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Shellcode

In computer science (or more likely, in computer underground terms), shellcode is a practical approach to exploiting stack-based overflows.

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How do shellcodes work?

Shellcodes exploit computer bugs in how the stack is handled. Temporary arrays are often the target of the cracker as they are fairly easy to overflow if the "right" conditions are met.

Temporary arrays are pushed onto the stack, along with the saved frame pointer (sfp) and the return address (ret). The return address indicates where the function should return when it has completed its task. If the cracker can overwrite this pointer she would be able to direct the flow of the program as she wishes!

 
 top of stack <-- (temporary array)(sfp)(ret) --> bottom of stack
 (the stack grows towards left, the temporary array grows towards right.)

Because the stack grows downwards instead of upwards, the bottom of the stack is towards higher address spaces. That means that an overflow in the temporary array is the same thing as overwriting the sfp and the ret! If the cracker knows how large the array is (it easy to obtain this info), its easy to overwrite the return value with anything the cracker likes. The cracker could also inject her own code along with the shellcode and redirect the return value to point to the new code.

This technique could be used to get access to remote computers and get access to other user-accounts (such as root).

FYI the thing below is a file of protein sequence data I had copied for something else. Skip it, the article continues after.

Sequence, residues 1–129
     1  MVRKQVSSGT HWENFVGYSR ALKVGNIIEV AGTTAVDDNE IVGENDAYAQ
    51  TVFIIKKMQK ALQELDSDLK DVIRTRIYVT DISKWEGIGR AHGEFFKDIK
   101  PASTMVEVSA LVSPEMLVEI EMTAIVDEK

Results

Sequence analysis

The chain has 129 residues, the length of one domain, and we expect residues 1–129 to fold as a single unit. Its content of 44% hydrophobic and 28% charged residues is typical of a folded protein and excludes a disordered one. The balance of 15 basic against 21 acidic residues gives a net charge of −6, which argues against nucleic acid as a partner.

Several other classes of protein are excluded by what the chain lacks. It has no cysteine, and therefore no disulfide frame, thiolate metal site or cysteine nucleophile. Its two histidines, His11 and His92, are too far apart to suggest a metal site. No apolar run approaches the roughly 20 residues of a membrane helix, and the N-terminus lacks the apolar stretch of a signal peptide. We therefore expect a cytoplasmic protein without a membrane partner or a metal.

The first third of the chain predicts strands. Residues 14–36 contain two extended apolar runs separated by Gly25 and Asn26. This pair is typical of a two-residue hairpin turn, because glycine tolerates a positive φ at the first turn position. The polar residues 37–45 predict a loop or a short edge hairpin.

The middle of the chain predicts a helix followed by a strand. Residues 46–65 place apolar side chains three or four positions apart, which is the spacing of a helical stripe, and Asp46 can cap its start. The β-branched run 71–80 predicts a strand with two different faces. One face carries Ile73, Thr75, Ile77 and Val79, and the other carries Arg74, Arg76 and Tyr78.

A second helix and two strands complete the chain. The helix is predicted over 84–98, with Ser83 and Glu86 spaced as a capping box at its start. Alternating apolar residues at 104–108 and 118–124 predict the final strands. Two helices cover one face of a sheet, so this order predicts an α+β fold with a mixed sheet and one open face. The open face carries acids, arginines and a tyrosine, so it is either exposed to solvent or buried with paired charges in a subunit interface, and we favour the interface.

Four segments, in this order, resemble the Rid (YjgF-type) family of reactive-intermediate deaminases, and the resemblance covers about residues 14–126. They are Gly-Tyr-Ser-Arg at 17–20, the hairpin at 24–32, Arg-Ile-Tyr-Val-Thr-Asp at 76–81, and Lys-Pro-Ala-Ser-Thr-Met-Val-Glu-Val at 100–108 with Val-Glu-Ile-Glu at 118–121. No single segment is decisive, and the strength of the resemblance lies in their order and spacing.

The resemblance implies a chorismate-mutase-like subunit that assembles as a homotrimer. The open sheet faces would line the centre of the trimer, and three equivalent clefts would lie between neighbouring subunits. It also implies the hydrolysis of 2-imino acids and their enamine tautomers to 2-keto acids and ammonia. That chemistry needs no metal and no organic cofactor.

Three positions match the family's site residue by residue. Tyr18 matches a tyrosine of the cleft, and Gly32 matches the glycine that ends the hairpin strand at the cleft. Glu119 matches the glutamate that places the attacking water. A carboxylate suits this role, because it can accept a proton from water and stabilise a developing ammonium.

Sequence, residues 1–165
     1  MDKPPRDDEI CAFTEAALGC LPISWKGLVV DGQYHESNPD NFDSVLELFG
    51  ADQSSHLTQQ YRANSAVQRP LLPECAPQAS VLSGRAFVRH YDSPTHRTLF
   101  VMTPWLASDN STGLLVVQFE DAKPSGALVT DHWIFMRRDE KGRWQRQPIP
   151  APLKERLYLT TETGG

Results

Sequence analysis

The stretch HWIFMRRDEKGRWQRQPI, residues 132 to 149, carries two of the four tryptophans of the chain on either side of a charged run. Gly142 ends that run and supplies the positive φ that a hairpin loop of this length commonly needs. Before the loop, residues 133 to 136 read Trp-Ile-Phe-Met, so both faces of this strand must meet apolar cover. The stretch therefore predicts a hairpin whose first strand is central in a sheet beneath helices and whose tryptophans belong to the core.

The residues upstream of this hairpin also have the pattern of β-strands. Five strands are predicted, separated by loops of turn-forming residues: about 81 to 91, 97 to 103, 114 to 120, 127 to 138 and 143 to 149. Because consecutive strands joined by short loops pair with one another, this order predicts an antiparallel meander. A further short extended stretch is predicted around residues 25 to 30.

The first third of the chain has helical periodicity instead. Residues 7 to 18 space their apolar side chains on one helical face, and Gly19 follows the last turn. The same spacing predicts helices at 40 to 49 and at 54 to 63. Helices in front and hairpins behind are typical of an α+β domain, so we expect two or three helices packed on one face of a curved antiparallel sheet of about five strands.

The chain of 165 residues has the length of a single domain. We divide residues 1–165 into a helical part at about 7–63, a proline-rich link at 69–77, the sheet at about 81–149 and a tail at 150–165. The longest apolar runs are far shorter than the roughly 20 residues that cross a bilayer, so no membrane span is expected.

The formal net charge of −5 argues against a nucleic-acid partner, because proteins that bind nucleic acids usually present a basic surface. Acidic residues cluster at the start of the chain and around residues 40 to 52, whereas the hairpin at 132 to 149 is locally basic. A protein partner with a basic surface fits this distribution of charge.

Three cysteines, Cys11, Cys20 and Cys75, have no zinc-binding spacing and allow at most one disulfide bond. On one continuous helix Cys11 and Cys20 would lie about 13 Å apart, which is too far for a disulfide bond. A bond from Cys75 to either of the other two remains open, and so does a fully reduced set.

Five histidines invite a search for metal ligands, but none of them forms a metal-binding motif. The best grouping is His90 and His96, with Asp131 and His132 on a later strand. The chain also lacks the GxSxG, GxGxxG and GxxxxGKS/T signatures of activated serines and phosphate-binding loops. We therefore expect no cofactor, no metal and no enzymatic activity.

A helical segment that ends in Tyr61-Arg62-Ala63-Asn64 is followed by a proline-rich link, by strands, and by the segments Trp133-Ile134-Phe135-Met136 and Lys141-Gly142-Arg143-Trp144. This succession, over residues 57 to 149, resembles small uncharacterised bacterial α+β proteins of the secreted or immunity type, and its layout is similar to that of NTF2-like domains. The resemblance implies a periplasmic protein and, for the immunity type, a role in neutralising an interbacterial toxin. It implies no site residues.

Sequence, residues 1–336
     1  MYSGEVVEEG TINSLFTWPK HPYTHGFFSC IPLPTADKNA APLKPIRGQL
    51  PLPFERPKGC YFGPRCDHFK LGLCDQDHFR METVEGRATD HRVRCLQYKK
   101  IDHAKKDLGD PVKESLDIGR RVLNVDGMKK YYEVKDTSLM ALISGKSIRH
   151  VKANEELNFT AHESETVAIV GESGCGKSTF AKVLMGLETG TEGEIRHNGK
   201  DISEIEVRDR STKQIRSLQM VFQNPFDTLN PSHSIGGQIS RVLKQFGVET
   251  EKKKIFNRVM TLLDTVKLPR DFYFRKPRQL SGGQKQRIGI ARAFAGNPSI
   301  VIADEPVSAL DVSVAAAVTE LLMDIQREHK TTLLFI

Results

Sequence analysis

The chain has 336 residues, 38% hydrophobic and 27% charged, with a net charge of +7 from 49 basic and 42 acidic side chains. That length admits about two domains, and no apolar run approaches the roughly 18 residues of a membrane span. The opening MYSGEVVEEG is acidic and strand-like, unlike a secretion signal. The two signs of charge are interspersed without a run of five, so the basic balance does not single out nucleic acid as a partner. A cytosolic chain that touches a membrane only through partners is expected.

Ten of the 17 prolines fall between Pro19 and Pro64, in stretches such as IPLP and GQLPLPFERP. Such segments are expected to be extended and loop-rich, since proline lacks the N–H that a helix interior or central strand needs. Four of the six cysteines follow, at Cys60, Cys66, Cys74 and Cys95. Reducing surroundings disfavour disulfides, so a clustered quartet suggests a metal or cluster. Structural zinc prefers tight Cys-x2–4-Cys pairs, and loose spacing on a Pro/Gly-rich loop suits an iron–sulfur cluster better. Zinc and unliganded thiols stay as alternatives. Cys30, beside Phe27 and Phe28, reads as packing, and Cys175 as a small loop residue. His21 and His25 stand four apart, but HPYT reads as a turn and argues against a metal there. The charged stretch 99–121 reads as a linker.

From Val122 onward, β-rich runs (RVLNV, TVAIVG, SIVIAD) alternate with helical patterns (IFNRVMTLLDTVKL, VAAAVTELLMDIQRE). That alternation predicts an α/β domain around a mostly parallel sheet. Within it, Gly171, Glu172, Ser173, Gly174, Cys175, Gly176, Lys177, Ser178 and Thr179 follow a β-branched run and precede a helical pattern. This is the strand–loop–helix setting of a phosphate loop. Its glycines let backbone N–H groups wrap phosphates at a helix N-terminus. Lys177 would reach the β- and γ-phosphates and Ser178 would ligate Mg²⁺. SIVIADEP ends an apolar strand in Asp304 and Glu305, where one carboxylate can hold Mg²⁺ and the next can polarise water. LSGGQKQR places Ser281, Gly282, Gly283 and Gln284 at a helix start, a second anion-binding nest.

Countermeasures

IDS (Intrusion detection system), Firewalls, regular patching, et.c., et.c., et.c..

The crackers counter-countermeasures

Crackers writing shellcodes that are supposed to slip through unnoticed use some special techniques to hide their attack. They often try to exploit how intrusion detection systems recognize any incoming attack. A typical IDS usually searches through all the incoming packets for shellcode specific patterns (often a large array of no-operating codes, or simply NOP's); if it finds any such pattern the packet is discarded before it reaches its destination application. The IDS's weak point is that it cannot do any really good searches as it takes too much time and would thereby slow down the connection to the Internet.

Shellcode almost always contains a string with the name of a shell. All incoming packets containing such a string are undoubtedly quite suspicious in the eyes of the IDS. Also, some applications do not accept non-alphanumeric inputs (they do not accept anything other than a-z, A-Z, 0-9, and a few other characters.)

To get trough such kinds of anti-intrusion measures, crackers sometimes make use of encryption, self-modifying code, polymorphic code and alphanumeric code.

Outside links

http://www.phrack.org/phrack/49/P49-14 tutorial on how to write x86-shellcodes
http://www.shellcode.com.ar/docz/bof/Writing_shellcode

see also

heap overflows, computer security, assembly language



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